Has inflation peaked? Consider buying this growth stock

Inflation has been the story of 2022, hitting a 40-year high in the latest report. To combat it, interest rates are also being pushed higher, increasing the risk of the US economy falling into recession. Although it is still unclear which direction inflation is headed at this time, there are some early warning signs that the worst could be in the rear view mirror.

If so, there is a reasonable chance that the broader stock market downturn in 2022 is approaching a bottom and could resume its long-term upward trend. An environment of falling inflation could also wake up the heavily dejected tech sector.

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High inflation could already be reversing – quickly

The primary measure of inflation is the Consumer Price Index (CPI), which is released monthly by the US Bureau of Labor Statistics (BLS). It is reported as a percentage which tells us by how much the price of a basket of selected goods and services has increased (or decreased) compared to the same period a year ago.

Although very useful, it is a lagging indicator, which means that the number reported each month is often not the best measure of current prices. For example, the CPI’s basket of goods and services is determined by the Consumer Expenditure Survey, which may be based on data that is two or three years old. Additionally, with so much volatility in commodity markets over the past two years, large price swings can often take months to work their way into the CPI figure.

On that note, the price of wheat has crashed 36% since March. This has a direct effect on the price of food, which is a major input to the CPI. Similarly, the price of natural gas is down 42% in the last month alone. And used vehicle prices, which accounted for much of the rise in inflation over the past year, have also begun to reverse. This is in addition to raw materials such as copper, iron ore and timber, which have fallen significantly from all-time highs.

It could take several months for consumers to feel these price drops, as local stores and suppliers need to work on their existing inventory. Therefore, they may not show up in CPI data until late 2022 (or even later).

If inflation has really peaked, where should investors put their money? It may be time to start buying growth stocks again. Lower inflation would lead to a stabilization of interest rates, which would fuel the growth of booming tech companies. Here is one to consider.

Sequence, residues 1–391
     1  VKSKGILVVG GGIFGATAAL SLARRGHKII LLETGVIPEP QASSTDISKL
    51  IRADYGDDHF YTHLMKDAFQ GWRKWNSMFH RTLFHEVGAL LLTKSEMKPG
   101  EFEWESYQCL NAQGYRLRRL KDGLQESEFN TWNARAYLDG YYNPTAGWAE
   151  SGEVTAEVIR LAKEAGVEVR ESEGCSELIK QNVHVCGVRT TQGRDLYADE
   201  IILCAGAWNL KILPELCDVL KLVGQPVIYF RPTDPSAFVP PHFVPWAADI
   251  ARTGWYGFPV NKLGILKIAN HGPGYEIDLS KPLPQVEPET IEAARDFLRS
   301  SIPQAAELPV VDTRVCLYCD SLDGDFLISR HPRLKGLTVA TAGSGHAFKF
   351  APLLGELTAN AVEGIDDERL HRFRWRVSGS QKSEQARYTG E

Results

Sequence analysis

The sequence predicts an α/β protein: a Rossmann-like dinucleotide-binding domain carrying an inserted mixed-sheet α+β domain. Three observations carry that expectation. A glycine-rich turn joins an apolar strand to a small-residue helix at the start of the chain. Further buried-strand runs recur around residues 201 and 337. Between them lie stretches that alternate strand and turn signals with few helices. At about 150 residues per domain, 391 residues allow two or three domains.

A Leader in Small Business Software

Exposure to smaller US companies could be a great way to play in an environment with lower inflation and potentially lower interest rates, as they are on the front line and could be the first to benefit. Bill.com (INVOICE -1.43%) is a technology company that provides accounting software to 386,100 small and medium-sized businesses, and it has only scratched the surface of its total addressable market.

Bill.com’s flagship platform offers businesses a digital inbox to manage their incoming invoices that organizes an often messy paper trail. It runs in the cloud, so it’s accessible from anywhere. Users can pay their bills from the inbox with just one click and transactions can be automatically recorded in the accounting software of their choice.

Although this only covers the accounts payable side of the general ledger, the company has grown aggressively in 2021 through two key acquisitions. It now offers an accounts receivable solution through Invoice2go, which allows businesses to create and send invoices, in addition to managing incoming payments. Its other acquisition, Divvy, provides budgeting and expense management tools, complementing Bill.com’s service offering.

Bill.com derives 68% of its revenue from transaction fees. It therefore benefits when companies make a greater volume of payments using its platforms. If the economy slows down due to higher interest rates, this could negatively affect the volume of payments. When the economy is strong, the reverse is true, so if the peak of inflation has passed, then Bill.com stock is a great choice going forward.

Bill.com’s growth soars

Bill.com’s 2022 fiscal year ended June 30, and when it reports results in August, its previous guidance suggests it will have generated as much as $625 million in revenue. That would be a whopping 162% jump from fiscal 2021, and it could just heat up.

The company estimates that its addressable market in the United States spans 32 million professional customers and up to 70 million worldwide. It could be vying for a share of $125 trillion in annual payment volume on the global stage.

Bill.com is not yet a profitable business. Its net loss was $98 million in fiscal 2021, and it could be around $36 million in fiscal 2022 once its results are released. But the company has $2.7 billion in cash, cash equivalents and short-term investments on its balance sheet, so it has a very long streak to generate profitability.

Also, given its rapidly growing revenue, it would be wise for Bill.com to continue to invest in expanding the business, as it is clearly succeeding in doing so. When growth rates eventually reach more sustainable levels, he can then focus on managing operating costs to generate positive profits for investors.

Bill.com’s stock is down 64% from its all-time high amid the tech selloff, so now might be a good time to create a discounted position, especially if the figures for currently high inflation is turning around.

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